States, territories, and several large cities are tasked with creating local vaccine distribution plans. In general, state and municipal health officials follow the CDC ACIP guidance in determining who gets inoculated first. Unfortunately, the December 22, 2020 ACIP “Updated Interim Recommendation for Allocation of COVID-19 Vaccine” no longer includes librarians or library workers in the Phase 1b or Phase 1c definitions of essential workers. We believe that this is an error that needs to be corrected by state and local health departments as they consider their own vaccination distribution plans. It is important to note that the December 22, 2020 ACIP Interim Guidance continues to include school librarians in K-12 settings under its “education sector (teachers and support staff members)” definition.
Priority must be given to library workers alongside their colleagues in education and in similar ways to people working on other high-contact frontline jobs like banking, food service, grocery, and childcare. Waiting to vaccinate librarians and library workers until a Phase 2 distribution to the general public will continue to put both library staff and the vulnerable patrons at risk.
Protect Patrons by Vaccinating Library Staff and Librarians
In its current “Occupational Outlook Handbook”, the US Department of Labor clearly identifies that librarians and library workers regularly do job roles that require close contact with the general public and patrons. The most recent survey on the use of public libraries from the PEW Charitable Trusts shows that over 40% of people who visit a library have a close interaction with a librarian or other staff member. This holds true for academic libraries and school libraries along with public libraries. However, as noted above, teachers and faculty are already clearly included in the CDC Phase 2 guidance for vaccination.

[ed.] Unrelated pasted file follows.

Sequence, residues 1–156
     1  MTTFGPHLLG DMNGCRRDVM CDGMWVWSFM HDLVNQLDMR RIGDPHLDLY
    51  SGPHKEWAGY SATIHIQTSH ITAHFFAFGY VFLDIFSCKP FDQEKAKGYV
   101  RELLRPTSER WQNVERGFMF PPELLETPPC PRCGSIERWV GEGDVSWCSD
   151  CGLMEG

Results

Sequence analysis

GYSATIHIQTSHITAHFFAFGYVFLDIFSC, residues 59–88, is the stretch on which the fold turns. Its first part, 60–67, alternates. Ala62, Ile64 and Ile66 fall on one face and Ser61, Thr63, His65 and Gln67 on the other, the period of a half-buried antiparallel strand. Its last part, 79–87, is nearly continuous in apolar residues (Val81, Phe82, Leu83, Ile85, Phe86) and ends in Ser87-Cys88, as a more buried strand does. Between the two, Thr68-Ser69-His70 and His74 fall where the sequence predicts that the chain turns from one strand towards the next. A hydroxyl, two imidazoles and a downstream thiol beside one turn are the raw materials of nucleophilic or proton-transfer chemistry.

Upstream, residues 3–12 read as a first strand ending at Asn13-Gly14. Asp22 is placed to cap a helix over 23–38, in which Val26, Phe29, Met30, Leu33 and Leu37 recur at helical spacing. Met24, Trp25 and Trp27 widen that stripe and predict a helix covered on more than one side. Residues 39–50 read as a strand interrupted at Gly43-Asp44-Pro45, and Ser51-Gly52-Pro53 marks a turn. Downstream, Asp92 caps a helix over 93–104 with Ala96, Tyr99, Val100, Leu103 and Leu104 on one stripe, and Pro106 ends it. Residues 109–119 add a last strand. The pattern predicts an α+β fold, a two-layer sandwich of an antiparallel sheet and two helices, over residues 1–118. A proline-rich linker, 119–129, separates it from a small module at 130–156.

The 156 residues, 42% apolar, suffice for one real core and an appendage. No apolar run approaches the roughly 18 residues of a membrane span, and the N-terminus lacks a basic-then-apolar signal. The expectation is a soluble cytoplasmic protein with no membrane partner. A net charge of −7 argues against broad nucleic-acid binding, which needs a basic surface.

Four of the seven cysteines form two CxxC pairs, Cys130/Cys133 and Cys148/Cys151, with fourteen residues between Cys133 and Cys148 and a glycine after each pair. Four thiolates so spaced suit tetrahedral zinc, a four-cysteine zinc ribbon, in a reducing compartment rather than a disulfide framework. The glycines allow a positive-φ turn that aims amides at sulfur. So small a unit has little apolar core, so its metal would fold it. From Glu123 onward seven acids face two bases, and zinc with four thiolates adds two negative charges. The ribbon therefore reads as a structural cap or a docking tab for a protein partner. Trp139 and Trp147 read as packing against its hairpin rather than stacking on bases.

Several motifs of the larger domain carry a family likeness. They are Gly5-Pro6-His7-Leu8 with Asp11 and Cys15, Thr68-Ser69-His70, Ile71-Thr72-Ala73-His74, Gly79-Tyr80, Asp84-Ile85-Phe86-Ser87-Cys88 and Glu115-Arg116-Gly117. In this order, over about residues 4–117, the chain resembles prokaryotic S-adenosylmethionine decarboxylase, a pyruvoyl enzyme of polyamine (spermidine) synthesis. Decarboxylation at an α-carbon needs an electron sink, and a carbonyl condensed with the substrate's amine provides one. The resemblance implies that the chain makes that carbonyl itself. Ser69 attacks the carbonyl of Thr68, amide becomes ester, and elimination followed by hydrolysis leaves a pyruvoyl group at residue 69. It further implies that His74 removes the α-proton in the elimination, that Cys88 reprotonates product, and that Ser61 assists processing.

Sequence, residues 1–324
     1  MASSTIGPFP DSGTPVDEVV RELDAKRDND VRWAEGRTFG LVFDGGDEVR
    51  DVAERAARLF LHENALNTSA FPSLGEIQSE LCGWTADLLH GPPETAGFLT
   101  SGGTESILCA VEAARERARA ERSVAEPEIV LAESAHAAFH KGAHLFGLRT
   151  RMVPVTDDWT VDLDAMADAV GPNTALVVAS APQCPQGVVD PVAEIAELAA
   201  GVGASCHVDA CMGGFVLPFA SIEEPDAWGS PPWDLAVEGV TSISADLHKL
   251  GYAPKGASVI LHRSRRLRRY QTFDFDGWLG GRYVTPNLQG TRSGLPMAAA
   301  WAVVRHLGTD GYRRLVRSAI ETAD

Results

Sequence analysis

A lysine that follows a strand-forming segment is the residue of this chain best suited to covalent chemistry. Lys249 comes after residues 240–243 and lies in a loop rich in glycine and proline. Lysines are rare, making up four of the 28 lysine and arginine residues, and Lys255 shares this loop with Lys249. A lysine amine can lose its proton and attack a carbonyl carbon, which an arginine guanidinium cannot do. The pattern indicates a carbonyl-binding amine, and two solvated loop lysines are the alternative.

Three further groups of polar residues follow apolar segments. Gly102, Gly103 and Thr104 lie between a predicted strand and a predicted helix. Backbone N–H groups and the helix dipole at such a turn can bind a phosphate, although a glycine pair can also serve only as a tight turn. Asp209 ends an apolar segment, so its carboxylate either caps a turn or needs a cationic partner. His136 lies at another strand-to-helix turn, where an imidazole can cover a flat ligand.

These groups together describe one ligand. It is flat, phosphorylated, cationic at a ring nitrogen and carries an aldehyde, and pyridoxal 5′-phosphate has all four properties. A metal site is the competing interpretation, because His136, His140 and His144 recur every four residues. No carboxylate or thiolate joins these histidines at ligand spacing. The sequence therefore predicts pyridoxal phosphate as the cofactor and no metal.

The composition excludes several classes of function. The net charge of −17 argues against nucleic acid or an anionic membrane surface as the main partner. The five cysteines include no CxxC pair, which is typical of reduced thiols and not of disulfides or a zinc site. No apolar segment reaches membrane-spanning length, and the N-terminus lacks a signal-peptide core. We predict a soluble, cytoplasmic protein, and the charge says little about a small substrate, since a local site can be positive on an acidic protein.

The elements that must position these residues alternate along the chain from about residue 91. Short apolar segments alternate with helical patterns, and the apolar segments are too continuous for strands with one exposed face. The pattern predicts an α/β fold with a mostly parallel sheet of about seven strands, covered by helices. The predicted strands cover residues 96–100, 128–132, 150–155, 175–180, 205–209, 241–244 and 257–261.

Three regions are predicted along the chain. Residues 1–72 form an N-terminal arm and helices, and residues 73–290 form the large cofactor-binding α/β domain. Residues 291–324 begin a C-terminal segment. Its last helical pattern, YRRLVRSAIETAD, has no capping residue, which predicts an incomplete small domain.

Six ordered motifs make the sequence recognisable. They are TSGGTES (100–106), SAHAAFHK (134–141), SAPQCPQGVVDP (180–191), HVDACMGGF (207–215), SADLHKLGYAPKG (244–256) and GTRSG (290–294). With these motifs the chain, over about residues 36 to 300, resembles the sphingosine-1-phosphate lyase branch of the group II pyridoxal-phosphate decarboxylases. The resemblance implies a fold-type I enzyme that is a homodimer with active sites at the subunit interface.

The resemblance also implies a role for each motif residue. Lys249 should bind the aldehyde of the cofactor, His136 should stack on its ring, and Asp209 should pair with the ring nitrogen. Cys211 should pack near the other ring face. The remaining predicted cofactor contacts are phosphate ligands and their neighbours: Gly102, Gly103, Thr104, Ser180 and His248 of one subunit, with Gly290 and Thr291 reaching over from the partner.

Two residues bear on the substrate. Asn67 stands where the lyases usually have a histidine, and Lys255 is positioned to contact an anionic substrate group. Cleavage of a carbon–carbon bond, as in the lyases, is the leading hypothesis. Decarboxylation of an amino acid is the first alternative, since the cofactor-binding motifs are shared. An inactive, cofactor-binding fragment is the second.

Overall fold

For our colleagues in Public Libraries, it is important to dig deeper into the data to see that protecting library workers and librarians through early vaccination will not only ensure their safety. Vaccinating library workers will also help patrons, especially those in vulnerable and at-risk populations.